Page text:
Goldman Sachs Under Fire for Mortgage Deals

Goldman Sachs Under Fire for Mortgage Deals

The Goldman Sachs controversy has dominated the news lately. Earlier this week, officials from the investment company went to Capitol Hill to answer some questions. Here are some highlights from that event.

It’s difficult to pick up a newspaper lately and not see something about the Goldman Sachs debacle which has developed in recent weeks. Earlier this week, several of the leaders of the company were on Capitol Hill taking questions and meeting with rugged senators – both Democrat and Republican – who were not too happy with the alleged fraud and other wrongdoings committed by Goldman Sachs in terms of their handling of mortgages and other investments.

One of the issues at stake in this week's questioning and the situation in general is the company’s aggressive marketing of mortgage-based investments. This is not the best time to push those types of investments with the decline of the housing market and the economy in such bad shape. However, the four officials from Goldman Sachs who stood before the subcommittee said the company did nothing wrong and they did not mislead their clients when it came to purchasing these investments.

This week's hearing was part of a greater debate concerning the overhaul of financial regulation in the United States. The Senate has been debating this idea for awhile now and the Goldman Sachs situation seemed to play into the debate quite seamlessly. Senators discussed the need for more transparency as well as the conflict of interest between investment banks and clients. In addition, the question of ethics in the finance industry was brought up during the debate. The officials from Goldman Sachs were also asked about any changes they would make in regards to the financial regulatory system.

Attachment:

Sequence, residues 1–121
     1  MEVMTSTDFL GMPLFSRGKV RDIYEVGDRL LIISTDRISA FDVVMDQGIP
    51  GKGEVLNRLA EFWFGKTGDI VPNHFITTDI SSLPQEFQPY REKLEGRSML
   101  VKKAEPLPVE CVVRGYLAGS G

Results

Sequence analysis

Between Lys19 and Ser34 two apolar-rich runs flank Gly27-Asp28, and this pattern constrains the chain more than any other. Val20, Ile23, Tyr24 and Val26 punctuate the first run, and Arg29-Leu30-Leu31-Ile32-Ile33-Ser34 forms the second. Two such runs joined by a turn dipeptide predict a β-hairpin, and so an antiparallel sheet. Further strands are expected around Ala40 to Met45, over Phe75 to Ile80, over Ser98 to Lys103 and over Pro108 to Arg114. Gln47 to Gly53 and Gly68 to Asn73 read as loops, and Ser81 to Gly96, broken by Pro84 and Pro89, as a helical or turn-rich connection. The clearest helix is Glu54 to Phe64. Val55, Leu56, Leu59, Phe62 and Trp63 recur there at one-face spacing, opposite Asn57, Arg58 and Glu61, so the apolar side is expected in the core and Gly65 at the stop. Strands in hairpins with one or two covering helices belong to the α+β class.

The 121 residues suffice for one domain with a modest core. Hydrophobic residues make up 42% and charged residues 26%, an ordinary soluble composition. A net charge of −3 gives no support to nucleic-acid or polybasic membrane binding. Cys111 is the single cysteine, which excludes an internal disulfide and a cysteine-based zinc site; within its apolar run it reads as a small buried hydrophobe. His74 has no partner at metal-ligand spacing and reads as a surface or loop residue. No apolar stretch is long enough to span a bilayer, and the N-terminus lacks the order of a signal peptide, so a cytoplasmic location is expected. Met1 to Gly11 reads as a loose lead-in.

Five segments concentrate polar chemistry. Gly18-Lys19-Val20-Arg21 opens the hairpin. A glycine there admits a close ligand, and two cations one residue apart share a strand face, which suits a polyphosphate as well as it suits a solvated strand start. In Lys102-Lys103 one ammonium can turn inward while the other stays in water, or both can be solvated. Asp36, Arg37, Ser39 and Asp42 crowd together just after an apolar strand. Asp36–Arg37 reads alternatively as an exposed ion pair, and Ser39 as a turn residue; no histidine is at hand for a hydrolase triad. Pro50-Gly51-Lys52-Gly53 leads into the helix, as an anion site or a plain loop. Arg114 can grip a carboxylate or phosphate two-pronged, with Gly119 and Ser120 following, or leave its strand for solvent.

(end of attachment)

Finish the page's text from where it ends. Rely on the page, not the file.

One of the main themes during the hearing was the gap that exists between “Main Street” and “Wall Street.” Senators consistently pointed out the idea that banks have been seeing huge profits while the overall economy was suffering greatly.

The officials from Goldman Sachs certainly had their feet held to the fire today as senators put them on the defensive for their actions. At times, some senators were getting frustrated at what they felt was the officials trying to dodge questions or stall for more time when answering a question. Senator Susan M. Collins even asked each of the four officials if they felt that it was their duty to keep the best interest of their clients at the heart of all their decisions. Only one of those officials said he felt it was his duty to do that while the other three did not answer the question directly. The four officials were also asked if they had sympathy or remorse over their decisions which contributed a great deal to the financial downturn. One official said that they have sympathy for the people who got hurt due to the company’s mistakes, but there was no improper conduct for which to be apologetic.

I’m sure this is not the end of the Senate’s questioning of Goldman Sachs officials. We’ll keep an eye on this situation as more news develops.

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